Real estate mortgage investments explained.

While the debate over whether the worst housing crisis is ahead of us or behind us continues, and regardless of the cause, regardless of one’s opinion, it is important to understand the different types of investments related to real estate and mortgages. Real estate mortgage investments (REMICs) are one such investment.

The bottom line is this. A person decides to invest in family, secondary, corporate and other mortgages. People everywhere paid their mortgages to their local bank every month, and the bank got all the money. An investor comes and buys a loan from a bank, and the investor starts bringing in that income.

If that loan goes bad—if it goes bad—the investor has spent so much money that he decides to buy a lot of different loans to reduce the percentage of the loan that is due. But even if the mortgage delinquency is terminated, he still wants to spread the risk of these mortgage investments because he has spent all of his money. So, it takes a step further by taking a piece of each mortgage, rolling those pieces into one security, and selling that security to other investors.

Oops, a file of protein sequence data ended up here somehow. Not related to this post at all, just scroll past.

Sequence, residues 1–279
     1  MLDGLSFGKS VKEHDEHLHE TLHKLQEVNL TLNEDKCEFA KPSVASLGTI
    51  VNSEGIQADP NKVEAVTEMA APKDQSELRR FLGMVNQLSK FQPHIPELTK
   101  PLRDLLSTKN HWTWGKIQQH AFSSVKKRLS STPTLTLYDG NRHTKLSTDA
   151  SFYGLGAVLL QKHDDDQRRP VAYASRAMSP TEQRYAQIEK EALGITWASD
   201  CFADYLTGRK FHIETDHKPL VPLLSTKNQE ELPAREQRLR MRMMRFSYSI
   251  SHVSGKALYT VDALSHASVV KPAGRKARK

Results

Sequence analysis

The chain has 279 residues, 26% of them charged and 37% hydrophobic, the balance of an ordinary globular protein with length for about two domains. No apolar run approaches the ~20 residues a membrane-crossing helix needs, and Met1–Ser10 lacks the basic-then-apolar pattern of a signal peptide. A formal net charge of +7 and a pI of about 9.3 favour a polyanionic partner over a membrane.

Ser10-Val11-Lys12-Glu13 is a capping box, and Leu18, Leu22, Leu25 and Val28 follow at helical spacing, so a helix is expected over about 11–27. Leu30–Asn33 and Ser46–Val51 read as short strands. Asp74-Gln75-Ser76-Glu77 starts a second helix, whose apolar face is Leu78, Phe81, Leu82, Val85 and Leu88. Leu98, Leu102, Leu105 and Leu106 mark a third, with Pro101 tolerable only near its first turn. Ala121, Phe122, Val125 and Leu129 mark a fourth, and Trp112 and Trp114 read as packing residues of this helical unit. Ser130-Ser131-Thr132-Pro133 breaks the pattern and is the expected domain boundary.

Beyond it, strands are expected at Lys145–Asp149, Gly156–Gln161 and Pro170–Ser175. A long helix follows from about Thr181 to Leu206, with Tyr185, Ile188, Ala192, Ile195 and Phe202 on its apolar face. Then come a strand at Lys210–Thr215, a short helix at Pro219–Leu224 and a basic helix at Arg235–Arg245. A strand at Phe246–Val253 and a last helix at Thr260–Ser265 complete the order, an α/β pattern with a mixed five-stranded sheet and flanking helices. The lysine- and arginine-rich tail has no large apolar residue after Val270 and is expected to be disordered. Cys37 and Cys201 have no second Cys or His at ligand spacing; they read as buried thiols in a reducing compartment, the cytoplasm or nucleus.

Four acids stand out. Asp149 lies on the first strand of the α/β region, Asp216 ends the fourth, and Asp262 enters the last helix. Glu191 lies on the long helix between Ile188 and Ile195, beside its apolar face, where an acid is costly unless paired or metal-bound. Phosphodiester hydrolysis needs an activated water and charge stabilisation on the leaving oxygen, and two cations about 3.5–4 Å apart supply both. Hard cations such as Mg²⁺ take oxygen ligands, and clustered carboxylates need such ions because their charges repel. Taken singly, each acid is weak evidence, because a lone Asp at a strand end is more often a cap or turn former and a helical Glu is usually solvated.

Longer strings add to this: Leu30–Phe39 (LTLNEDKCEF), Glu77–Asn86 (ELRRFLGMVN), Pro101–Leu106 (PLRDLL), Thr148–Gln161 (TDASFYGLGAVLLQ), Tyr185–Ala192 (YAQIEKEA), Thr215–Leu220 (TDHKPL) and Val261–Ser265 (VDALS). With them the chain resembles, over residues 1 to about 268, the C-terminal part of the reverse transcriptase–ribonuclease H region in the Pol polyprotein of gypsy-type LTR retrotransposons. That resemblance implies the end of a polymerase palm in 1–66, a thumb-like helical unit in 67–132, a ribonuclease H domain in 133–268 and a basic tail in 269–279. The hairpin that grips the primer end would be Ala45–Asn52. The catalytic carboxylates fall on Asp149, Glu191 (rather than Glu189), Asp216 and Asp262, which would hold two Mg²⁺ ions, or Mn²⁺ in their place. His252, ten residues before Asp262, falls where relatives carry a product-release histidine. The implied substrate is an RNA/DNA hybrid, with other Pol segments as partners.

So far, none of these are REMICs. The resulting bundles are called mortgage-backed securities (a somewhat self-explanatory term). However, if a company wants to participate in mortgage-backed securities, which also increases their flexibility and reduces risk, they create a REMIC. A REMIC is actually a trust, company, partnership or other entity for the specific purpose of investing and raising loans.

Here are some key benefits to REMIC

· There is no minimum equity requirement, meaning a REMIC can sell all of its assets.

· Investors can be paid monthly; Other types of investments cap payments quarterly.

A REMIC does not have to pay federal taxes, even if the investors make it on income.

· Risk is spread between each security, so if one mortgage defaults, the overall effect is smaller.

Some disadvantages include:

REMICs cannot easily switch loans at will; Once a REMIC is created and the loans are sealed, you are stuck with them.

REMICs are subject to state taxes depending on the state.

· If all mortgages go into default, as has happened in the past few years, most of the investment amount can be lost.

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